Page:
Once again it is probable that more sturdy kama were constructed for fighting - although farming ones were no doubt also used. The techniques of this weapon are not often seen in modern times and there are only two registered kata in Japan today, called Kanigawa and Tozan.


-Michael Finn, Martial Arts: A Complete Illustrated History, The Overlook Press, 1988


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PostPosted: Fri Apr 13, 2012 10:38 am 
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Everyone I have known to work with these things have suffered bad injuries from them!! ( That includes the "Kama Master" in Okinawa who lopped off half of his ear swinging them around) :lol: :lol: :lol: .. I see no real use for them other than a Okinawan landscape artist to slowly trim hedges.. If you want to learn a Kata for tradition or whatever, please at least use unsharpened stage Kamas..

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PostPosted: Fri Apr 13, 2012 12:12 pm 
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When I consider what happened, what comes to mind is my own childhood training with blades. Although I never stuck with Boy Scouts long enough to get very far (our troop just wasn't that good), I did gain much from it. Two of the things I learned on various Scout camping trips was proper handling of a knife and proper handling of an ax. Some of the simplest things were taught and drilled over and over such as ALWAYS cutting away from your body (and other hand) and how to pass the blade from one person to the next.

I have a special knife I use at home for sashimi which I keep razor sharp. I keep that one locked up so none of my family (without similar training) can get to it.

As I said, I've never taught kama. I may one day, but not for now. I have however taught nunchaku work. And with that weapon, I do not allow students to use "practice nunchakus" when learning their routines. I want that thing to smack them upside the head when they get it wrong. You won't lose an ear doing that, but you will learn to respect the weapon.

I mentioned that I teach Filipino knife. I have Raffi Derderian to thank for excellent guidance in this venue. As Raffi does, I teach with a wooden blade. I teach students to respect the weapon. And there are repeated suggestions that in a knife fight, you WILL get cut. The goal is survival with all caveats understood. I have a sharpened blade I often carry as a tool, and I treat that with the respect it is due.

- Bill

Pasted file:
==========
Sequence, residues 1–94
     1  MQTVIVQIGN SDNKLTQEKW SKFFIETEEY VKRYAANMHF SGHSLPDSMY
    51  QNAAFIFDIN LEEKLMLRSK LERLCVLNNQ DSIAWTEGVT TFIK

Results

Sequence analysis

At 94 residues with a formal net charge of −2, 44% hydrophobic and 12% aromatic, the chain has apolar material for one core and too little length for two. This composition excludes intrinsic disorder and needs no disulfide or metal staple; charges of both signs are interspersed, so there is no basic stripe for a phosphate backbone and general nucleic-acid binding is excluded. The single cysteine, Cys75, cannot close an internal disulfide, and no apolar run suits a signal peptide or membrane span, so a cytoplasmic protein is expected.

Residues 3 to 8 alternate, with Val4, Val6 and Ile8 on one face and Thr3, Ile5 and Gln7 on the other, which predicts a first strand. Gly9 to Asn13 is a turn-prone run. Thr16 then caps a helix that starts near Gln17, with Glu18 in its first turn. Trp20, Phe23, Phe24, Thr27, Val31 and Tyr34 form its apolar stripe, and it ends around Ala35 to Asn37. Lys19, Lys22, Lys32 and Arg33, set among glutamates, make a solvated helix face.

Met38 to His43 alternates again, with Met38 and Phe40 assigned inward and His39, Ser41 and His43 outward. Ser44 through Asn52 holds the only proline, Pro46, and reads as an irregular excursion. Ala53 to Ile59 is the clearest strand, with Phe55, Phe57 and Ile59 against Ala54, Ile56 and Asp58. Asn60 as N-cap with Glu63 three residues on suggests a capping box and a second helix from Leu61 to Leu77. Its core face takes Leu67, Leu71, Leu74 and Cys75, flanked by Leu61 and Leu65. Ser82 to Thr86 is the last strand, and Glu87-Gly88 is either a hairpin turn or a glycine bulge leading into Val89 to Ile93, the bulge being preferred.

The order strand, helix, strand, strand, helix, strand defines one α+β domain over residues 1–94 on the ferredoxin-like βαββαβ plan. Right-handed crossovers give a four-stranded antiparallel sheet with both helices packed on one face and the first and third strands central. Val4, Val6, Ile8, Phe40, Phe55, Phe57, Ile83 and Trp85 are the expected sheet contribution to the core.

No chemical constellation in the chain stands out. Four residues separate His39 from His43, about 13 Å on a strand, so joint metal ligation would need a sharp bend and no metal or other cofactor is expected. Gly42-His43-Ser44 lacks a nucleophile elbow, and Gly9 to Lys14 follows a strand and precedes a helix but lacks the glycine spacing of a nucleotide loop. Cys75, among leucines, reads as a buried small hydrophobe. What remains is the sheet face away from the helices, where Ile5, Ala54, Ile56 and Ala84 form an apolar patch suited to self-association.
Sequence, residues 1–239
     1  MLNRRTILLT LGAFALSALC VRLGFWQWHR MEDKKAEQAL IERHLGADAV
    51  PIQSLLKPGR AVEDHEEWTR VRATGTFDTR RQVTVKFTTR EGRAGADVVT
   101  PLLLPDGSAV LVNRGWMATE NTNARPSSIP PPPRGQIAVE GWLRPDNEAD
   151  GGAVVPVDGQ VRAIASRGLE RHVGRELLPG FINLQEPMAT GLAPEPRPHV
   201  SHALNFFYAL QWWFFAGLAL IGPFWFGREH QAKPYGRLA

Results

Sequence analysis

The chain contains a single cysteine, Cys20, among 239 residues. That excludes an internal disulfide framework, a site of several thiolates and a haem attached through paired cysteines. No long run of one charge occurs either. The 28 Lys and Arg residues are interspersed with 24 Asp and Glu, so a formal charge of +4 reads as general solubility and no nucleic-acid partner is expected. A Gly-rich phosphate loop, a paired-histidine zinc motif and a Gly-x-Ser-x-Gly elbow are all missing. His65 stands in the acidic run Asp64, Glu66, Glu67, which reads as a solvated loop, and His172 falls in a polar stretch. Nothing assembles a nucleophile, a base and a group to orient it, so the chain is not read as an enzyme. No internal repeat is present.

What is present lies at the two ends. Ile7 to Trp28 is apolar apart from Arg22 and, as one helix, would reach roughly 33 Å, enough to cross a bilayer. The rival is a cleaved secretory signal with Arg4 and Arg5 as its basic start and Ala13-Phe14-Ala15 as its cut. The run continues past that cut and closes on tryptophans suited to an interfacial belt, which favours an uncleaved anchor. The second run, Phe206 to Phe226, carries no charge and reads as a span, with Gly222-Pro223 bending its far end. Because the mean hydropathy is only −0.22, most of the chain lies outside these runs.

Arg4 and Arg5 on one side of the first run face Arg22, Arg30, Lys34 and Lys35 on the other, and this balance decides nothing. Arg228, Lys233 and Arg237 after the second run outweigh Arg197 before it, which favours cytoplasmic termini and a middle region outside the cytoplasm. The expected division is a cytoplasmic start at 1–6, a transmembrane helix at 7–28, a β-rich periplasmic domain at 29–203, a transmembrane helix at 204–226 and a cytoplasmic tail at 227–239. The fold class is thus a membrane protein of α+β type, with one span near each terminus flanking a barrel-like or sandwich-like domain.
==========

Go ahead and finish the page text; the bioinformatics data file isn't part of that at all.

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PostPosted: Fri Apr 13, 2012 5:51 pm 
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That's a smart way to look at knife training..Bill, please check out Van's post on Power Breathing.. I'm interested to hear your views on it.. Thanks Steve

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PostPosted: Fri Apr 13, 2012 9:51 pm 
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Stevie B wrote:
That includes the "Kama Master" in Okinawa who lopped off half of his ear swinging them around

The story I heard is that it was his little toe (I forget which leg), sliced off at a point in the kata when the leg comes up into a crane posture while the kama blocks downward to that side.

Around ten or so years ago I ordered a pair of shureido sharpened kama on Ebay from a supplier in Okinawa (this was before Ebay adopted a policy forbidding the selling of most martial arts weapons on its site). The package they came in was labeled something like 'agricultural tools' on the import/export label. Anyway I opened the package when it arrived and examined the kama, and was suitably impressed with both their crafting and their sharpness. I decided I liked my fingers, toes, etc where they are and immediately locked the kama up in a storage cabinet in the garage with the other sharp tools (where the kids cannot access them), vowing to never work with them without getting proper instruction. I have videos that demonstrate kama kata and techniques, but to date I have resisted the urge to attempt anything with them. Reading the story Bill posted above reaffirms to me that I have made the right decision. Someday I hope to get proper training with them, but until then they will stay locked up where they are. I am truly sorry for what happened to your friend, but thanks for posting the story Bill.

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PostPosted: Sat Apr 14, 2012 7:47 am 
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Glenn.. That may be another story as well.. The guy I refer to has long hair worn in a ponytail and swings them on the end of a chain.. I admire him for his dedication (but I.Q. not so much...LOL) Keep resisting that urge!!! :lol: Take up the Bo.. Much more effective to help your Karate training and you will walk away with all limbs intact..Best place for the Kama is hanging high on a Dojo wall in a case or outside cutting shrubs in the garden.. Even then I recomend great caution!